Madlib: It’s gonna be the same but differnt, it`s hard to explain.

Dj Romes: We don`t even know yet.

Few people actually critized the album for being too long …

Madlib: We do what we feel. I like that. A lot of albums are very short nowadays and that why we`re trying to bring it back to the old days. This album is just a day in life.

Dj Romes: And we got a few albums ready to go.

What do you want to achieve?

Wildchild: The whole focuse is pushing the underground to a mainstream audience.

Madlib: We’re trying to bring the real stuff.

You`re part of the Likwit Crew, how did you fall into Stones Throw?

Wildchild: We were already working on our own material before we were down with the Likwit Crew. The things that we went through the past three years was little read between the linie type-contract, you know. It just coincenditial happen.

Madlib: We shopped a lot of stuff.

Dj Romes: Yeah, like the first Likwit albums were part of one of our demos in 1990. The Liks picked up their favorite songs from our demo and put it on their album. Lootpack started about 1989 but we`ve been all friend since 1984. We been struggeling through differnet labels , trying to get signed since 1990 and we ended up at Stones Throw and that`s just the best things that could have happened.

Wildchild: Basically it was like all over this long period of  ten years gave us a chance to create and define our material. We kinda completed the album already in 1996 or 1997 itself. But before we had a lot of demos and the (major) labels tried to form us to sound like other labelmates. So the whole thing at the time when Tha Alkaholiks or Xzibit came out was that we should be another Alkaholik or Xzibit group.

Your album is from 1996/1997?

Madlib: Not all of it. It’s like a mixture.

Who did the beats on the album?

Wildchild: Madlib. All the groups that you hear on the album he does the beats.

Madlib: We’ve got five groups with two albums each ready to get on a label who want`s to pick them up.

Wildchild: We try to formulate a foundation like Souls Of Mischief first came up with The Hieroglyphics. They tried to keep it more group orientated with their area. They had their own producers who did all the music cause it just worked out that way.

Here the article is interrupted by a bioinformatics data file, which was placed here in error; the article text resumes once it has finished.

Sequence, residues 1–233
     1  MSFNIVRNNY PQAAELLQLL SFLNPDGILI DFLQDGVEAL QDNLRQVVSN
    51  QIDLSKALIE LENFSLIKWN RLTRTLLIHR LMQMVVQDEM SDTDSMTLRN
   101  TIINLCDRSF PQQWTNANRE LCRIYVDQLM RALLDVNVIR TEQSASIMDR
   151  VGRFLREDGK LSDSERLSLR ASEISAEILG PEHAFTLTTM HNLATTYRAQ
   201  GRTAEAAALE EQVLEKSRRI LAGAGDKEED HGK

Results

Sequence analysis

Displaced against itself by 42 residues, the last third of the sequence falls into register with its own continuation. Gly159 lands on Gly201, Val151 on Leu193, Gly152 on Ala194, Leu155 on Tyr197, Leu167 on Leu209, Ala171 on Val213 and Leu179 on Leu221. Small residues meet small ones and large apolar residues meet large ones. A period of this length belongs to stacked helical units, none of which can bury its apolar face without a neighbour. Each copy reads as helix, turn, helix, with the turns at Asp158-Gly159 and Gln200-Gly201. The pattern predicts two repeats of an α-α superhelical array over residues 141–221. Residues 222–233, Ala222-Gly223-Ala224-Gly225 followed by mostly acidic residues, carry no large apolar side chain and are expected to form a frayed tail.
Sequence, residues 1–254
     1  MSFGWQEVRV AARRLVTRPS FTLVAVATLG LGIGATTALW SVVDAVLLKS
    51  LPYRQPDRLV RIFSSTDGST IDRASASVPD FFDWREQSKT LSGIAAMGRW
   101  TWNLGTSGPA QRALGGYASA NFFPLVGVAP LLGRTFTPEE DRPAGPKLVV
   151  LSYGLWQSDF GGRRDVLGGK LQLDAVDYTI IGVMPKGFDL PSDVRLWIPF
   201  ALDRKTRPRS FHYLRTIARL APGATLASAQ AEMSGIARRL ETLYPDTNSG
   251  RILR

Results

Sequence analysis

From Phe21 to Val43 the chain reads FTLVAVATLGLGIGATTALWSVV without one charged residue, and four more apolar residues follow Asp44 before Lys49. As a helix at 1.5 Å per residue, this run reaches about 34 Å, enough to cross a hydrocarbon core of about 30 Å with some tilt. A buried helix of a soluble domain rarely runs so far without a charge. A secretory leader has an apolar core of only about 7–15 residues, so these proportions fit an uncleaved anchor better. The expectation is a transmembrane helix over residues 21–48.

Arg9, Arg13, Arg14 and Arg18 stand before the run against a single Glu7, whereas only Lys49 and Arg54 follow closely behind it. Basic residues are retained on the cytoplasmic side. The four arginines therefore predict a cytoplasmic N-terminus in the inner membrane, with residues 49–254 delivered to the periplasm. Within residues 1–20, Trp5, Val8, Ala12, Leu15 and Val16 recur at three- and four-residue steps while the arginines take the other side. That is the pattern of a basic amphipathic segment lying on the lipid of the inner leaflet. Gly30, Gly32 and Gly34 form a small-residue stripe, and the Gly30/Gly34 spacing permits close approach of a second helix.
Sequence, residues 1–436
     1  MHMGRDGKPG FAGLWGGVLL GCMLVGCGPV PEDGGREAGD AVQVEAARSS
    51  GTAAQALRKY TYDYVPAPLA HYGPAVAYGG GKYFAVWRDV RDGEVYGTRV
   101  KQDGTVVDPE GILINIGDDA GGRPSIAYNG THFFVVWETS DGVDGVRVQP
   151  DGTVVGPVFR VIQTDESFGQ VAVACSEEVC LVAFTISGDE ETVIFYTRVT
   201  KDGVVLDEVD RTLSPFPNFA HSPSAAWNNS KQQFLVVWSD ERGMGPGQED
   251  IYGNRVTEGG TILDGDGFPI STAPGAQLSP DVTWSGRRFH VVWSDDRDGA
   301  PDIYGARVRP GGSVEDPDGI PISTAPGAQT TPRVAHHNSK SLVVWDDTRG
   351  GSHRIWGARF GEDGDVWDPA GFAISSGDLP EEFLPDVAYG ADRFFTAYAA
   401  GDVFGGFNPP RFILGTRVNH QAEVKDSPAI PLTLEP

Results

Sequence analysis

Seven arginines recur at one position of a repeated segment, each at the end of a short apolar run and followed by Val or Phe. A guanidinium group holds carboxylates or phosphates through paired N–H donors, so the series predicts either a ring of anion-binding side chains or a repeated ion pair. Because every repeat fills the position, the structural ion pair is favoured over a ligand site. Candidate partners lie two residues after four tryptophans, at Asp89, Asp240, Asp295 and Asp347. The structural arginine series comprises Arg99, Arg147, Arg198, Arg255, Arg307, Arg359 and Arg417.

How would you describe your music?

Madlib: B-Boy Music.

Dj Romes: Music from the heart.

Madlib: It’s all raw but yet universal.

Dj Romes. Experiments with differnt sounds. Soundpieces.

Okay. The Antidote. Does it refer to hip-hop only or does it contain a broader meaning?

Wildchild: Yeah, both. As far as hiphop music, I feel ‘The Antidote’ is like a chance to show a lot of hip-hop whether it`s underground or mainstream, as far as, not really what should played and what should be focused on , but the cloning of other mc to another mc and we pretty much feel like that without having to do that ‘The antidote’ will show you don`t have to clone other people to have that type of sound. As far as the way of living and  stuff like that, it definitly has a influence on people who aren`t even in the hip-hop music. Just expressing that hip-hop can be positive and doesn`t always have to be negative and as far as the music you can enjoy, it’s not something that`s too hardcore and….. hmm, I can`t get into poitics too much now …

That`s also hard to figure out with your lyrics. ‘The Antidote’ seems to consist of 90% battle lyrics at first, but if you listen to it more closley it like, you get a bigger picture …

Wildchild: Me personally, I like those types of albums that I can hear over and over again and, you know, I pick up little things here and there over the time and I enjoy it. There are some albums who hit you right from the beginning. We trie to show different types of sounds. Some people might feel it`s too long, but when you get into it, listen to it more, one day it hits you different.